Restoring Elegance: the renewal challenge

Listed building restorations remain a unique challenge that at times requires an immensely sensitive touch. Frances Marcellin speaks with conservation architect Sarah Khan, a partner at Roger Mears Architects, and architect Jonathan Clark of Jonathan Clark Architects to discover some of the pitfalls, challenges and best practices of building renewals.


Negotiating with conservation officers, preserving original materials and attempting historic restorations that must also serve the needs of modern life, these are just some of the issues that architects face when working on building restorations.

With so many pitfalls to avoid and challenges along the way, what is best practice when dealing with building renewals and how do architects solve the problems that arise during the planning and execution of a building restoration project?

Architects Sarah Khan and Jonathan Clark speak to Design & Build Review about how they overcome problems and find solutions to the many issues that occur while working on building renewal projects.

Frances Marcellin: In general terms of a building restoration, what do you find are the biggest challenges?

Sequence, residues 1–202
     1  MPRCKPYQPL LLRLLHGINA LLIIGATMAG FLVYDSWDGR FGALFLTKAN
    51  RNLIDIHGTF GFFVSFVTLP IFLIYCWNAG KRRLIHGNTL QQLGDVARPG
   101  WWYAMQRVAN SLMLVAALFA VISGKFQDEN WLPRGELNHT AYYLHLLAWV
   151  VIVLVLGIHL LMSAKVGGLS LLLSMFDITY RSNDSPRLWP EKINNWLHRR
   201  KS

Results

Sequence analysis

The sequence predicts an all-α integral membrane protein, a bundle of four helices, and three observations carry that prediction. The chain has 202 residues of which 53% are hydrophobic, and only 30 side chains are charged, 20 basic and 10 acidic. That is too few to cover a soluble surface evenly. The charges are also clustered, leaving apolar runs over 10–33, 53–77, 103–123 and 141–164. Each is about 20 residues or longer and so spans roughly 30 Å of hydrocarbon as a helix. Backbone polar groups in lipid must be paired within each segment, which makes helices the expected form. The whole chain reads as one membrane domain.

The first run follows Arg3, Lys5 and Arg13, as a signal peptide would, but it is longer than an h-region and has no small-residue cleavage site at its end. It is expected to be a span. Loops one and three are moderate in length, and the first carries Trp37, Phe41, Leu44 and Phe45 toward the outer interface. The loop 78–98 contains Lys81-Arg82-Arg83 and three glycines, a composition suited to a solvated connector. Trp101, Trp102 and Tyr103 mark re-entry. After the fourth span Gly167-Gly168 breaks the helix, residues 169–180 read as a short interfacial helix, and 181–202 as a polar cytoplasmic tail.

Jonathan Clark: Personally, I find dealing with the conservation officer can be the most challenging part. You might have the best ideas and plans on how to renovate a listed building while being sympathetic to its history, but it still all comes down to negotiating and convincing the officer that the renovation will complement the time period of the structure.

FM: In terms of planning permission for a building restoration, what is one of the most common pitfalls and how can it be avoided?

Sarah Khan: When it comes to getting planning permission, a lot of the time there is the misconception that it’s only the façade of the building that should be considered. When it comes to listed property renovation, the whole building and surrounding area could be road-blocks when trying to get permission.